Speaker 3: 03:24 We think asthma probably is. And it makes sense anything that affects your heart or lungs, which are the Oregon's most directly impacted by COVID is likely to make it worse if you get COVID. So if you have asthma, if you have any other chronic lung or heart condition, but you know, probably the more common situation that people probably don't think about is obesity. Obesity seems to be a risk factor. And people don't think about that as a concern.
Speaker 1: 03:52 What about young women who are pregnant?
Speaker 3: 03:54 Yes. We've recently learned that young women who are pregnant may be at increased risk. We have seen that with other viruses. It's certainly true for influenza. It's a combination of the fact that your immune system is a little bit suppressed when you're pregnant. And then in the later stages of pregnancy, your lungs are compressed because you've got a baby kicking up from below and you can't take deep breaths or sometimes cough effectively. So for both those reasons pregnant women are at risk.
Speaker 1: 04:23 Do we know enough about this virus to be certain that getting a mild case won't produce some side effects down the road?
Speaker 3: 04:31 No, we don't. And of course, and so the problem is we're not down the road yet. In other words, not enough time has gone past for us to assess the longterm effects of COVID. And there have been some concerns that there could be some COVID seems to cause increased clotting in your blood system. For example, that could lead to permanent injury. Even if you have mild respiratory symptoms, when you're, when you have the infection,
Speaker 1: 04:57 What have we been learning about COVID lately? I read that researchers are now saying most people who catch the virus should develop symptoms in three to five days, instead of the 14 days originally thought, what else is new?
Speaker 3: 05:10 Well, we're learning that it can be transmitted from people who don't have symptoms, but that's not a major part of our story. Most people do have symptoms or get symptoms shortly after they pass it on to somebody else. So they know that that something has happened. So that's one thing we're learning. We're continuing to learn that young children are generally not severely affected by that, by this infection. And that's good news. Uh, but we're also learning how incredibly contagious this virus is. And that is illustrated by the return of cases that are being seen around the world. As we start to relax our social distancing.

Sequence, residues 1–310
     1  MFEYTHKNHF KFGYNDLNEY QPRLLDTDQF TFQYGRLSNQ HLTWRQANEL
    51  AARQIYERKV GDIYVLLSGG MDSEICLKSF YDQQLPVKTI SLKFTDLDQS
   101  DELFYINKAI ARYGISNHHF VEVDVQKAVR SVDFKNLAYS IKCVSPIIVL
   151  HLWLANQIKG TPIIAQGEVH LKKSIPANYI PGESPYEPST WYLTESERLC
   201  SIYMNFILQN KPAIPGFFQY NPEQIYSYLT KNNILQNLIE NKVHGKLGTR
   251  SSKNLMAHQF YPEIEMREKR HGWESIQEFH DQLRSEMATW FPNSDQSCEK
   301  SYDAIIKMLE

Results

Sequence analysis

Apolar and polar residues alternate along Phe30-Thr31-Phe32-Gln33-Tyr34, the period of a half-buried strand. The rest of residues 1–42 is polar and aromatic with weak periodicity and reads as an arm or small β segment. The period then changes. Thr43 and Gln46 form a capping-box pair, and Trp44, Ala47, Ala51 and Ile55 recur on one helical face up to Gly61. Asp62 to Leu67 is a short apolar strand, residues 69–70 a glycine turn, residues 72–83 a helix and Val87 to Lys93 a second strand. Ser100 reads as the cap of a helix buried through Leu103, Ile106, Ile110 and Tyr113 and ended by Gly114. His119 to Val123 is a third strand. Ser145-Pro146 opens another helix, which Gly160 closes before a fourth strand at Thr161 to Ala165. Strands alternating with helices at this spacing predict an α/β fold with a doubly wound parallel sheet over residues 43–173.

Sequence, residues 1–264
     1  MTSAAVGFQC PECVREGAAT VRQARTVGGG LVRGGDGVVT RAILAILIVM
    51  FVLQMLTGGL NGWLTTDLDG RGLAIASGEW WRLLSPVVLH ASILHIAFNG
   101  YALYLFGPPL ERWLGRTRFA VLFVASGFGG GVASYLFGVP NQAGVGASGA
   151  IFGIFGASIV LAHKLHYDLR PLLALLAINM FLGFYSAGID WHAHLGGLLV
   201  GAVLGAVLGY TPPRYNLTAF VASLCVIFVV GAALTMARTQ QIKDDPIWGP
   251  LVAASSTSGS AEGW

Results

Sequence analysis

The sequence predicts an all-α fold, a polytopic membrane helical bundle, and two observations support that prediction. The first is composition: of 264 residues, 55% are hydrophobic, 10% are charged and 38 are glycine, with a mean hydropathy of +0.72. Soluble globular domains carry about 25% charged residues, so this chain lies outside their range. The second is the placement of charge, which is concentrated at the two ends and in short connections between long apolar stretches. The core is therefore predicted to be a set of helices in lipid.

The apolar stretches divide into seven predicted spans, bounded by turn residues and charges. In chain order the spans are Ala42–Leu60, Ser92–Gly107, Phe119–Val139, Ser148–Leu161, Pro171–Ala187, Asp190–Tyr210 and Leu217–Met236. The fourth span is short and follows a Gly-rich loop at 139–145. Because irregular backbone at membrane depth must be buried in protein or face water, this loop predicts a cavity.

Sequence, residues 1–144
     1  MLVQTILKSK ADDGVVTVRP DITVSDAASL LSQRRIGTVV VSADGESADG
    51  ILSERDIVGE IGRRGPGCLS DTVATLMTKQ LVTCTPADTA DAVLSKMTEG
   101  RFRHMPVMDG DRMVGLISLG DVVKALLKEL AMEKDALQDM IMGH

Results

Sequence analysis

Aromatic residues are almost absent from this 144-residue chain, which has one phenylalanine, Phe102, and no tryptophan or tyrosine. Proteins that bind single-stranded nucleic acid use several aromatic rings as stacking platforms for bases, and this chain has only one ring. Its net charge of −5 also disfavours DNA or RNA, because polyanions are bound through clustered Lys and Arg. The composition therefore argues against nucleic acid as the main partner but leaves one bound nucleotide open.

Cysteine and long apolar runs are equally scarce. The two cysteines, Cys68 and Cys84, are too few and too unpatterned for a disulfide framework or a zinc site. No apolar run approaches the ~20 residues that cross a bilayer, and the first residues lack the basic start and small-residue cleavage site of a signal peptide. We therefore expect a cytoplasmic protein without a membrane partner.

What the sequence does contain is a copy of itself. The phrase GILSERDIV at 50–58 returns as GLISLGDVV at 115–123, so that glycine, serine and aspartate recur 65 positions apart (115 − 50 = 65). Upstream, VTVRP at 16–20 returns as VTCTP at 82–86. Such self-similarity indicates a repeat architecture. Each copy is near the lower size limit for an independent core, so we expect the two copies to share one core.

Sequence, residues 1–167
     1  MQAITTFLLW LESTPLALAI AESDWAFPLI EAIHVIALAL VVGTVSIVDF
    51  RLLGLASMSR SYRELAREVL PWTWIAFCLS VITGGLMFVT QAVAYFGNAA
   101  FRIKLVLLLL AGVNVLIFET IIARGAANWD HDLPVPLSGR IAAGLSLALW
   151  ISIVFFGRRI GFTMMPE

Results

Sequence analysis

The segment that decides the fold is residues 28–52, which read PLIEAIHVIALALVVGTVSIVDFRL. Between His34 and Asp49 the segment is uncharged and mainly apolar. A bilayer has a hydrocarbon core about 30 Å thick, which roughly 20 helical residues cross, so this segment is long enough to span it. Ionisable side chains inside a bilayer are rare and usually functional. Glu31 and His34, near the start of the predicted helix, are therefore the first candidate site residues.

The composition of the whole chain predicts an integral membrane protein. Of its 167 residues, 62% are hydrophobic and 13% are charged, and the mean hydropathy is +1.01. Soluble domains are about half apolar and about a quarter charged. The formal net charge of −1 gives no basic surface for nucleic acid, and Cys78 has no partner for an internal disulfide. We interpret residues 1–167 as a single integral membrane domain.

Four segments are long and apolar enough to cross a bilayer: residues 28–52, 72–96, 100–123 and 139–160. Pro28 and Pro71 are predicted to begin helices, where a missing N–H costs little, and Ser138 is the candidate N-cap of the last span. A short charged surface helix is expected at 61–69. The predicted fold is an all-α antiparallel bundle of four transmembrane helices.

Speaker 1: 05:50 Well, as you mentioned, dr. San Diego has seen record numbers of positive tests in recent days, hospitalizations are up 20% and we've hit trigger numbers for community outbreaks. Is this the kind of spike everyone said we should expect when society began to reopen? Or is this worse?
Speaker 3: 06:11 No, this is exactly what people were predicting would happen. And they quit. The only question was how bad would it get? And so this entire COVID control effort has been about trying to level the curve as people would say, or flatten the curve that is too spread out cases. So we don't overwhelm the health system and to isolate people as much as we could. So we did that very effectively in March, April and may. We've started to relax the social distancing so people can get back to work and school, and there are other activities. And as a result of that, we're seeing the cases go back up. Hopefully they won't go up to much higher, but that remains to be seen.
And what's your advice to people most vulnerable to this disease, older people and people with preexisting conditions. Should they remain at home as often as possible? Or are they okay outside with masks on?
Speaker 3: 11:15 No. I think people who have high risk conditions are unfortunately need to heed the recommendations that they stay as isolated as they reasonably can. And so that means not going out into public, not having lots of visitors. You know, I'm not going to go so far as to say you shouldn't ever visit your family for example, but you do have to be careful even in that setting, wearing a mask and staying six feet apart whenever possible. And so high risk people need to stay isolated until we have a more permanent solution, which will either be a treatment that we can count on very effective
Speaker 1: 11:54 Or hopefully a vaccine that those people can then get and then be protected.
And that was Dr. Mark Sawyer, an infectious disease specialist with Rady children's hospital and UC San Diego, talking with Midday Edition host Maureen Cavanaugh. Hear the full interview, plus more in-depth conversations about the news of the day, by subscribing to Midday Edition wherever you get your podcasts.
That’s it for today. Thanks for listening.